Today is my son’s 17th birthday.
I am not my son’s hero.
My son needs a hero.
Several days ago my son experienced an existential crisis of some magnitude. Things could’ve gone much worse. I was not there.
When my daughter called it was to let me know him mom was going in the ambulance to the hospital and would I come take her and my son’s girlfriend there. I was now in the loop. We all waited in the hospital together. My son’s girlfriend, my ex-wife, her husband, and my daughter. There was nothing any of us could do but be present, and pray. We shared as much information as we had. We worried about my son’s surgery and mental state. And we waited four hours before we could visit him.
My ex-wife and I stood by his bed. He was scared. He was disoriented and rambling. He reached out and grabbed her hand. “I’m sorry,” he said. He repeated this mantra several times over the next 20 minutes as we stood vigil over our confused and recovering son. For that minute we were a unit of love, of healing, of caring, and hopeful prayers about the future. And then I went home around 10pm. His mom would stay with him through the night as he continued to come back to lucidity.
I didn’t get to see my son again until several days later when I was bringing him dinner, his favorite dinner, provided by my mom. He’d already eaten but he sat with me and his girlfriend while I ate some of the fried fish. He seemed okay. He felt slightly humbled. But his old cynical self seemed to have re emerged intact.
I will not be the hero in this story. I am playing a bit part. My ex-wife stayed with my son on-and-off for the 72 hours he was in the hospital. I had to work. I was not invited. In fact, for part of that time his visitation was shut down and only she could be there. She kept us, his family, informed via a few hopeful texts. She was always hopeful and positive. And she stayed by his side. There is no substitute for the mother-son bond. I am so grateful for their close relationship.
He and I, while not estranged, don’t have a lot to talk about these days. We share a love of music and occasionally turn each other on to new bands. We’re both into technology, so he will occasionally tell me about some programming project he is working on in a language I don’t know or understand. But it’s great to hear him excited about something. In general, however, he seems kind of pissed off. Not at me. Pissed off at life. Like he got a rotten deal. Oh, and we go to action movies together from time to time. It’s hard to forge a relationship with a 17-year-old boy who has his own car and a girlfriend. There’s nothing with me that could rival that freedom, and I’ve found my place as a supporter in his life play. That’s okay. That’s how it’s supposed to be.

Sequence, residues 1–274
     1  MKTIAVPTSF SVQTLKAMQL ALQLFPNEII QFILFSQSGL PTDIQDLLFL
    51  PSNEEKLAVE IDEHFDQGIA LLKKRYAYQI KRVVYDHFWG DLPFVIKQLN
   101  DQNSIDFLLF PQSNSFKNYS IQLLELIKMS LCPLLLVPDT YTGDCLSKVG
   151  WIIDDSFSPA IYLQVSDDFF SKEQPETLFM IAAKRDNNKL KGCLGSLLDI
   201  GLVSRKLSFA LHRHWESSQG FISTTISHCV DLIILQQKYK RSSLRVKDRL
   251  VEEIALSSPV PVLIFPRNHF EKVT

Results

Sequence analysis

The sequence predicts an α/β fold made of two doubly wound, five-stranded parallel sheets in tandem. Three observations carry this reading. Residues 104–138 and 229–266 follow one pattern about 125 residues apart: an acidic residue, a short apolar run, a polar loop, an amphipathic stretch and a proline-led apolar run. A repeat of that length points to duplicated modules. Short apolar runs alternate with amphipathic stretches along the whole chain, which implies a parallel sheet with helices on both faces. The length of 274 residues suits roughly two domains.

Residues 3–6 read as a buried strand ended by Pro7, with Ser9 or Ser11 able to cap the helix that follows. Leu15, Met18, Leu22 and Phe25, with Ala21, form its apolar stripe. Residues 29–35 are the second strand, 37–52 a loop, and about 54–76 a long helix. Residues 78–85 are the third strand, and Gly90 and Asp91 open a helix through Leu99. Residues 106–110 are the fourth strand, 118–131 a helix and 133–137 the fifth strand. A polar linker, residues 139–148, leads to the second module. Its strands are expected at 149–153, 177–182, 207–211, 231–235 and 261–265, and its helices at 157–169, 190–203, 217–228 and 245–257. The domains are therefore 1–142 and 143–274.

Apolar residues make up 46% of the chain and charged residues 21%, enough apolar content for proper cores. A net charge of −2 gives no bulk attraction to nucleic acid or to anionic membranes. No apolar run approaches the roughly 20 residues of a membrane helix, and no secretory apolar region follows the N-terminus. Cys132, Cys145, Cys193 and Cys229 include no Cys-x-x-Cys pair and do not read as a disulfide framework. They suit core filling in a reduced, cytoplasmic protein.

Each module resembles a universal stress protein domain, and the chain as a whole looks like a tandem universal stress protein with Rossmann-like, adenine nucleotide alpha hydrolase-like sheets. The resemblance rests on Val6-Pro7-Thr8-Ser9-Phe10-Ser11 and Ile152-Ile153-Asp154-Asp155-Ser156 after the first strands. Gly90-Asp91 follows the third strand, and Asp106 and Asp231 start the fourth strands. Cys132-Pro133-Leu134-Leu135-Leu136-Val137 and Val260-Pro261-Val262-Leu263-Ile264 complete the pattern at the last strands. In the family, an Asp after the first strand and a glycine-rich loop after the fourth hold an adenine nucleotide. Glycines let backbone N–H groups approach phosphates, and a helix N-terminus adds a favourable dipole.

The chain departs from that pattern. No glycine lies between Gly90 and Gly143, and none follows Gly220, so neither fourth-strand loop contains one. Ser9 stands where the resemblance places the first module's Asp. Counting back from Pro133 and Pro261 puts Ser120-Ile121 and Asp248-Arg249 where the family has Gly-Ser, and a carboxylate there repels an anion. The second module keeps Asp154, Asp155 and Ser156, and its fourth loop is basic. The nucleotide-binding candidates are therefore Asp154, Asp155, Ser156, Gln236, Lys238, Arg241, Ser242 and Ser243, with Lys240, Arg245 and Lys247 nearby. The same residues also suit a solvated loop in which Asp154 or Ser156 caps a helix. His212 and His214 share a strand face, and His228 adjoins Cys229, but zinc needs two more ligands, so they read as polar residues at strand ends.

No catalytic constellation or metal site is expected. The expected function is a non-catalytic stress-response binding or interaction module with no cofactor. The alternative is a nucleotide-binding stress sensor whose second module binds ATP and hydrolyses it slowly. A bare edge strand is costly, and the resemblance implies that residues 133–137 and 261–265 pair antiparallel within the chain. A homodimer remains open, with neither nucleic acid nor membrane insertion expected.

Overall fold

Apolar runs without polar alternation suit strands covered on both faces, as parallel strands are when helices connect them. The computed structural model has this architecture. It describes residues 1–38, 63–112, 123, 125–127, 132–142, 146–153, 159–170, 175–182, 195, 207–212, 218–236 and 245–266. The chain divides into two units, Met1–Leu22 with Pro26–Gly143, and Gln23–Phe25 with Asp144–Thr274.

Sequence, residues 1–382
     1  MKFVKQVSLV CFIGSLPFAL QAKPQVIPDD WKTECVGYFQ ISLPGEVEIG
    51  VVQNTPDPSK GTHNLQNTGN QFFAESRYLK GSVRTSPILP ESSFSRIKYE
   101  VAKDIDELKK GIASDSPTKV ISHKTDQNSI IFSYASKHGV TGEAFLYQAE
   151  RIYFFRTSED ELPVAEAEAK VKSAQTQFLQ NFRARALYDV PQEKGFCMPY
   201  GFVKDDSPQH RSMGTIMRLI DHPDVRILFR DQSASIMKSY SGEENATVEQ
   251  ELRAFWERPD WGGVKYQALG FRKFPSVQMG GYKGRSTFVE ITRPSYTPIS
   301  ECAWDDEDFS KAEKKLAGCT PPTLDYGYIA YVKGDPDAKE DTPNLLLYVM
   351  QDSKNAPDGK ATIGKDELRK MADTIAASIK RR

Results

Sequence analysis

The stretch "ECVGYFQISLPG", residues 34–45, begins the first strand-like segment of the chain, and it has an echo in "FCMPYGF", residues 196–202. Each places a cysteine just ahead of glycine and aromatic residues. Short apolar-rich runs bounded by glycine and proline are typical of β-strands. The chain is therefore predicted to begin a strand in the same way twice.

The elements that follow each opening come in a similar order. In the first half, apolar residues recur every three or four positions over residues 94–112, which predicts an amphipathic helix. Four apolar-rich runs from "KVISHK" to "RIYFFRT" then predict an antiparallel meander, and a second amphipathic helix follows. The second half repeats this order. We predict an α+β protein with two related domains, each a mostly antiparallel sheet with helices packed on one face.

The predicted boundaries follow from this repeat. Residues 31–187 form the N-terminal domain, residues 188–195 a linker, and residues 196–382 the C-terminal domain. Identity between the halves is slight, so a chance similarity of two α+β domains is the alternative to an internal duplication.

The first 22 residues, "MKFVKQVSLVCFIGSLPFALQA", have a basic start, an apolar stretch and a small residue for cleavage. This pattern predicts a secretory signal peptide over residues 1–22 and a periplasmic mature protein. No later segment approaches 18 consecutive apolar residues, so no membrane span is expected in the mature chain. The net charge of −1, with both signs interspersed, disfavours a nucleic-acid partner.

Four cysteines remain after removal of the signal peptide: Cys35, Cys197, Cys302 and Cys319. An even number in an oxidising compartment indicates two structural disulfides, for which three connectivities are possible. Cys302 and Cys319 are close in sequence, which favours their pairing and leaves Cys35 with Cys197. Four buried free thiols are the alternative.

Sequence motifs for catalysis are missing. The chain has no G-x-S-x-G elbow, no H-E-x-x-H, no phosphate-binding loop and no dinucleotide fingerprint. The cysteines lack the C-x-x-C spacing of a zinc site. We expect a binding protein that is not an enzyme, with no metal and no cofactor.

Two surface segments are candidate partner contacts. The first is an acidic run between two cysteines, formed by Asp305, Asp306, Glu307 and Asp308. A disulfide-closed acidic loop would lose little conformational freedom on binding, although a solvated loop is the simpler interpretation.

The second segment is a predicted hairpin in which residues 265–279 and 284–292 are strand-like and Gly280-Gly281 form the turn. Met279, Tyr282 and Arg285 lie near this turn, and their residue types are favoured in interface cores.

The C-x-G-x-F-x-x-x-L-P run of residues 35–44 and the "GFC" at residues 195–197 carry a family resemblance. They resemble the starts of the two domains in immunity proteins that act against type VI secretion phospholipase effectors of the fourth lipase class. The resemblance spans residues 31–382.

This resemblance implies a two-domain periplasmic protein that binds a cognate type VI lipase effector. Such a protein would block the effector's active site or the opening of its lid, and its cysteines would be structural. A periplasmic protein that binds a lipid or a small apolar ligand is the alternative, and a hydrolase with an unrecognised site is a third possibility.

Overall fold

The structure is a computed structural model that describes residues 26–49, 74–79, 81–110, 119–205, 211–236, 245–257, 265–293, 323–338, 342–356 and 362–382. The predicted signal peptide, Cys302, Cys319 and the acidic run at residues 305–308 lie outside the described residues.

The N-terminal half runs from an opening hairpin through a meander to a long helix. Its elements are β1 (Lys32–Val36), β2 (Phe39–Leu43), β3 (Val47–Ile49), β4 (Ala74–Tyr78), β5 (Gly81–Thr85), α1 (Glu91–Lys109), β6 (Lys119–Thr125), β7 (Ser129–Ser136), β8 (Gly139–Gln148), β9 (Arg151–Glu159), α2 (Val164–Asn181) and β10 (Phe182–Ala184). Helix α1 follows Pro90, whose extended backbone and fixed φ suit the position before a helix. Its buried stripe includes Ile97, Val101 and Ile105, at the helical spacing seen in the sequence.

Still, I was most connected during those hours in the hospital and the twenty minutes his mom and I spend at his bedside in the ICU.
My future role is to be supportive, available, and as loving as possible. Even when he’s not returning my texts. Even when he’s having trouble. Even when he’s in crisis.
As we move forward as a fractured family, the lion’s share of his time will be spent at school and in his mother’s house. I will have a bit part to play. I will continue reaching out as often as I can think of something to say, as often as I can find an activity we might do together, as often as I can offer to take him to lunch, or breakfast, or dinner. He does like to eat steak and eggs.
While I have not been able to be by his side as much as I would’ve liked in his 17 years of life, I have been consistently available and actively present. I have made sure he knows, and make sure he knows, that he is loved unconditionally. And I struggle with my own demons. I hope that I am not the cold and distant father that I had. I hope that I have done a better job of staying close even under trying circumstances.
Divorced and playing the single dad is not an easy role. Often decisions are made without my input. And most of their hours as a family, the real work of being a family, don’t include me. I understand and accept my place. And I work to maintain my own positive attitude so I can continue to be a supremely supportive, if absent, dad.
Other posts from The Whole Parent:
- The Positive Single Dad: Year Four in Review
- Divorced with Children: It Does Get Better
- Teenaged Kids? Hard to Reach or Open to New Opportunities?
image: gifted hero, creative commons usage